An elderly relative needs a stairlift and a bathroom conversion. Social
Services have said they cannot provide any financial support with the lift
but they will with the bathroom.
Relative has had a visit but was told that she won't know the cost of the
stairlift until after it has been installed. On asking what would she do if
she can't afford it she was told she could pay on monthly terms. It all
seems like the window salesmen of the 1970's. The installation is as simple
as possible - straight stairs. An accurate estimate and the APR of any
finance surely is a legal requirement.
I asked why she couldn't make arrangements directly with a stairlift
supplier. She had been told that she has to go through Social Services as it
is part of the "Scheme" with the bathroom.
Sorry to be a bit vague - any ideas on what the normal practice is?
My father had one installed several years ago, together with various
rails and a device to assist with getting in and out of the bath.
It probably varies across the country, but generally an occupational
health person from social services should visit and make an assessment
of what is required.
AIUI, achieving that is quite a trial as they are typically way
understaffed. In our case, this was the larger issue than funding
for the equipment.
It does not surprise me that they are willing to fund bathroom related
stuff because anything to do with this and the use of the toilet takes
precedence over anything else.
The local authorities do seem to have their tame suppliers. For
example, my parents have been visited on various occasions by a chap
who is basically an odd jobs person and who fits rails and other items
of that ilk.
For larger capital items such as stair lifts, there are numerous
suppliers and deals and you certainly don't have to go through the LA,
as typically the individual pays anyway if they can't wait for budget
to become available. Unfortunately, quite a lot of these things
appear to be discretionary as well.
If you can get involved in this, you could save a wrong decision being
made. It can be difficult because most elderly people highly value
their independence and dignity. For many, getting social services
involved in the first place is something of an anathema because they
feel that it is some kind of charity.
I would start by getting agreement from your relative and go and see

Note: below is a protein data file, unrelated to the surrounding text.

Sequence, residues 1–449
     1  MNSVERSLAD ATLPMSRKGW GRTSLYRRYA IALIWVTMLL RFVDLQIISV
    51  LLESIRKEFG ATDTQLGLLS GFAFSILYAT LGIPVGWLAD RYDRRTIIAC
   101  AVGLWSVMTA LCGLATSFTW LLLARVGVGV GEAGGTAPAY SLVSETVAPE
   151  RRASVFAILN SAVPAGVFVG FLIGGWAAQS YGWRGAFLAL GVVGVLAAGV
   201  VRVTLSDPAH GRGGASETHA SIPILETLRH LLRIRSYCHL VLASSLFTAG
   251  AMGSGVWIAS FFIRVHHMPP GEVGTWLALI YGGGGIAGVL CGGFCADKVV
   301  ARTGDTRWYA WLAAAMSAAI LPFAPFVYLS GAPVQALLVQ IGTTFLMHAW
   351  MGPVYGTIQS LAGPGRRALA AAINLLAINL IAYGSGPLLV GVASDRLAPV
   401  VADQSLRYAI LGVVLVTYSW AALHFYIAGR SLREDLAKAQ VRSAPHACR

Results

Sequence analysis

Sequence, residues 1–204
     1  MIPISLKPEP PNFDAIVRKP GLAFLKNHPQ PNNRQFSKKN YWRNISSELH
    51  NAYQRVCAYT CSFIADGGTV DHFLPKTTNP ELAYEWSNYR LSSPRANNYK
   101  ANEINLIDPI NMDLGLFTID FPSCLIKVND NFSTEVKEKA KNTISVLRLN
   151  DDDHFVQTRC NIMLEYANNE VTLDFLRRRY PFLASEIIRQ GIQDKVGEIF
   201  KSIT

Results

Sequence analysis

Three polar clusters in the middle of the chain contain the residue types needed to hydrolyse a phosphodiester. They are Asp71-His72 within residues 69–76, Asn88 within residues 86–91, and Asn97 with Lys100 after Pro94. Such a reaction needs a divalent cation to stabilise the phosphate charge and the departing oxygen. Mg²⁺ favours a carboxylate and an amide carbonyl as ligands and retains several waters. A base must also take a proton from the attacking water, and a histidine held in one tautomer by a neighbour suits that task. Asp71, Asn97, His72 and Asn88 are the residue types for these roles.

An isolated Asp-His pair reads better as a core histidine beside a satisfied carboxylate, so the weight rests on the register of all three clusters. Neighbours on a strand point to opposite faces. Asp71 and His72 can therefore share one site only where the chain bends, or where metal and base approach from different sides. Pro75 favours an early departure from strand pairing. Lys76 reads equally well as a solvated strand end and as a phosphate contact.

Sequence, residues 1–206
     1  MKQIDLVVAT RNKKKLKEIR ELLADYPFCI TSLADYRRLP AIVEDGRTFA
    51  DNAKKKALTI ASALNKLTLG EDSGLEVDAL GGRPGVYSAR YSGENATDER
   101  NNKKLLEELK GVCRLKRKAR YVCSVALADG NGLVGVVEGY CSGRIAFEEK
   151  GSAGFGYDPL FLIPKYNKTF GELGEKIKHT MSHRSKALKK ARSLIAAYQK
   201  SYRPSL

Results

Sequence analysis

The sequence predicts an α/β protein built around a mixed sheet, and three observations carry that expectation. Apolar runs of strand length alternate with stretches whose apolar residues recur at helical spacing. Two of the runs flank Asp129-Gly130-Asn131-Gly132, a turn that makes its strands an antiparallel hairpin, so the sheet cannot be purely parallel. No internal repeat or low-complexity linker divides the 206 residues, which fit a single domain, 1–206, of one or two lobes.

the occupational therapist yourself, sympathise with their plight and
ask about the options and best ways forward.
Certainly a stair lift is a considerable benefit if it avoids a fall
downstairs or being confined to part of the house.
To email, substitute .nospam with .gl
When it looked as if my father wouldn't be able to walk again
(contracted gangrene in hospital ! ), my brother looked into buying one.
He found quite a few second hand ones being advertised quite cheaply on
Luckily it wasn't as bad as it at first seemed , so it wasn't taken any
further, but that's I think that that might be your best approach
Unfortunately she is a bit overweight and has been frightened into "you must
have a proper survey otherwise it cannot be guaranteed" situation.
I have noted that most equipment in the disability shops don't display
prices. I guess they have a captive market.
"geoff" < email@example.com> wrote in message
A standard stair lift should be capable of taking up to 20 stone.
When my parents had a stair lift installed, the installers surveyed the
stairs and said exactly how much it would cost. However, they were buying
privately, rather than through Social Services.
Prices for disabled equipment are not straighforward, as VAT exemption can
be claimed in many cases.
On 20 May 2004 02:43:11 -0700, firstname.lastname@example.org (MBQ) wrote:
That's not it. VAT exemption is based on medical need and the user
simply has to sign a declaration that the supplier should provide,
which the supplier can then provide to Customs and Excise if asked.
The user should have a backup letter from a doctor or occupational
therapist in case the VAT people ask.
As long as the quotation makes it clear whether the price includes or
excludes VAT it doesn't really matter. Most medical equipment
suppliers seem to quote exclusive prices anyway.
It is also fair to point out that suppliers have to have quite onerous
product designs with all manner of safety switches as well as product
and service liability insurances. All of this adds to the cost.
To email, substitute .nospam with .gl
HomeOwnersHub.com is a website for homeowners and building and maintenance pros. It is not affiliated with any of the manufacturers or service providers discussed here.
All logos and trade names are the property of their respective owners.